Monthly Archives: April 2013
UNESCO World Heritage Site #231: Plitvice Lakes National Park
From the World Heritage inscription:
Plitvice Lakes National Park contains a series of beautiful lakes, caves and waterfalls. These have been formed by processes typical of karst landscapes such as the deposition of travertine barriers, creating natural dams. These geological processes continue today.
The Plitvice Lakes basin is a geomorphologic formation of biological origin, a karst river basin of limestone and dolomite, with approximately 20 lakes, created by the deposition of calcium carbonate precipitated in water through the agency of moss, algae and aquatic bacteria. These create strange, characteristic shapes and contain travertine-roofed and vaulted caves. The carbonates date from the Upper Trias, Juras and Cretaceous Ages and are up to 4,000 m thick. In order to maintain and preserve the natural characteristics of the lakes, the whole of surface and most of the subterranean drainage system has to be embraced by extending the original borders of the park. The new areas comprise layers of karstified limestone with dolomites of Jurassic age.
There are 16 interlinked lakes between Mala Kapela Mountain and Pljesevica Mountain. The lake system is divided into the upper and lower lakes: the upper lakes lie in a dolomite valley and are surrounded by thick forests and interlinked by numerous waterfalls; the lower lakes, smaller and shallower, lie on the limestone bedrock and are surrounded only by sparse underbrush. The upper lakes are separated by dolomite barriers, which grow with the formation of travertine, forming thus travertine barriers. Travertine is mostly formed on the spots where water falls from an elevation, by the incrustation of algae and moss with calcium carbonate. The lower lakes were formed by crumbling and caving-in of the vaults above subterranean cavities through which water of the upper lakes disappeared.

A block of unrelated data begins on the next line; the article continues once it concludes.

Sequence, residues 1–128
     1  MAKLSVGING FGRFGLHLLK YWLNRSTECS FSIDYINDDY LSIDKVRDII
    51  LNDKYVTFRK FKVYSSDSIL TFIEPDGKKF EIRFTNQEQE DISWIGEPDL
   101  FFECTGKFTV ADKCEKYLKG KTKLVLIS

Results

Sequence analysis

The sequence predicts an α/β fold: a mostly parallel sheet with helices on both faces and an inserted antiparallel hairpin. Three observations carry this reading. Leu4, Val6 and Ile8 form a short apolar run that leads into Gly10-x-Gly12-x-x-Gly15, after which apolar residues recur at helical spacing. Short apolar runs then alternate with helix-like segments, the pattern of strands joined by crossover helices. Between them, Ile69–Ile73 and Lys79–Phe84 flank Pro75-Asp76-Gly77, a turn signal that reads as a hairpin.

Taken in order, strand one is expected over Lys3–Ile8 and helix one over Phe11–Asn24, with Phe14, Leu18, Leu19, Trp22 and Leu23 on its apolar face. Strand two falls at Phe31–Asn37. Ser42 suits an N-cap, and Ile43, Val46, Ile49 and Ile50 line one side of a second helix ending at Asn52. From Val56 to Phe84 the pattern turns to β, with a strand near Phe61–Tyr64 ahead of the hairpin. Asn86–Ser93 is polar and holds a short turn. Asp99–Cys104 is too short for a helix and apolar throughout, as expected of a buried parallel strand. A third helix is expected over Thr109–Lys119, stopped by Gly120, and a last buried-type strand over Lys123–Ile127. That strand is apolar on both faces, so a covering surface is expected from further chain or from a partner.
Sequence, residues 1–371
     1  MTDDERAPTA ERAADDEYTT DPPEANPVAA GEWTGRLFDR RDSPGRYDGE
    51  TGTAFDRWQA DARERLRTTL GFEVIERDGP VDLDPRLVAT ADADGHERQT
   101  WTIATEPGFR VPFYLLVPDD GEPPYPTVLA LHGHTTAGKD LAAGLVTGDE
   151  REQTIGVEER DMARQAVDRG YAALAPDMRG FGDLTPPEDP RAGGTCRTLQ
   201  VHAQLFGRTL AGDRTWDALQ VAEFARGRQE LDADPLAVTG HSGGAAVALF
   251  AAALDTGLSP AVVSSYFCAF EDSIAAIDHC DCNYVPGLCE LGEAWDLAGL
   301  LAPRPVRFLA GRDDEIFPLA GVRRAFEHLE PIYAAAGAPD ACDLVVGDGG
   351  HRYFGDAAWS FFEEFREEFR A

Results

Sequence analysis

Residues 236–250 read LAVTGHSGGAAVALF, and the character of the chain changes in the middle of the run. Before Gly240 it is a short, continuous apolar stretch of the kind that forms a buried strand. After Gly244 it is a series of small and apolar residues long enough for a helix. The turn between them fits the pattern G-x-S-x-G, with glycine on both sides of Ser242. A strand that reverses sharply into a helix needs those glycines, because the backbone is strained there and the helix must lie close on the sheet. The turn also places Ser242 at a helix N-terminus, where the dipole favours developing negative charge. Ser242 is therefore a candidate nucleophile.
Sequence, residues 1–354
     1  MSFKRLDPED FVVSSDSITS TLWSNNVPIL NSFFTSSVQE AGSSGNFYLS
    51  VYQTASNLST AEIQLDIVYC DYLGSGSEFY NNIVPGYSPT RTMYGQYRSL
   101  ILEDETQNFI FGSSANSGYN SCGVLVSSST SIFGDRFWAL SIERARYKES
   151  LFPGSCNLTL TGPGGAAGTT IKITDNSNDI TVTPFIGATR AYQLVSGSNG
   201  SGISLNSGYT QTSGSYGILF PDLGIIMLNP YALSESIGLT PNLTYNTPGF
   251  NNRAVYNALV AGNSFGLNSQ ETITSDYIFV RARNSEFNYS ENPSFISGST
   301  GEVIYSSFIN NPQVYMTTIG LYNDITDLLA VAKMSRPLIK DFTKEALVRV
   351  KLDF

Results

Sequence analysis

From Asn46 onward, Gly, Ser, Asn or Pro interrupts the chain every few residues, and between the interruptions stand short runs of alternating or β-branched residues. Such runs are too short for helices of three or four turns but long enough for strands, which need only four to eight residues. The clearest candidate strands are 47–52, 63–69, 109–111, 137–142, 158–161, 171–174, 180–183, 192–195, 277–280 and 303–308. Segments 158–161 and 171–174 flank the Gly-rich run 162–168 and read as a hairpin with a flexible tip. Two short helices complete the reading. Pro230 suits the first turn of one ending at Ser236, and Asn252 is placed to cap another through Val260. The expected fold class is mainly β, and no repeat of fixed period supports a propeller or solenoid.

Plitvice is without question one of the most spectacular national parks in Europe.
What it is, is simple enough: a chain of lakes connected by waterfalls. However, the visual effect of the lakes, the falls and the color of the water makes for one of the most amazing views you will see on the continent. It is a scene which would be right at home on a Japanese painting.
I had the luck (or misfortune depending on how you look at it) of being in the park during a freak April snowstorm. The ‘winter wonderland’ effect is something that is seldom seen in the park and I was lucky to get photos of.
Plitvice is about a 90 minute drive from Zagreb or Zadar. If you are in the region I would highly recommend a visit.
Monday Travel Update – Exhausted in Dubrovnik Edition
After a month of freezing temperatures I arrived to Zagreb last week to find temperatures slightly warmer, but with no snow. I was happy that it was a move in the right direction.
I then drove to Plitvice National Park (which is awesome by the way) only to get caught in an April snowstorm and the victim of some very poor advice from Google maps. Long story short, I had to get park rangers to drag my car (with no snow tires) up a slippery hill.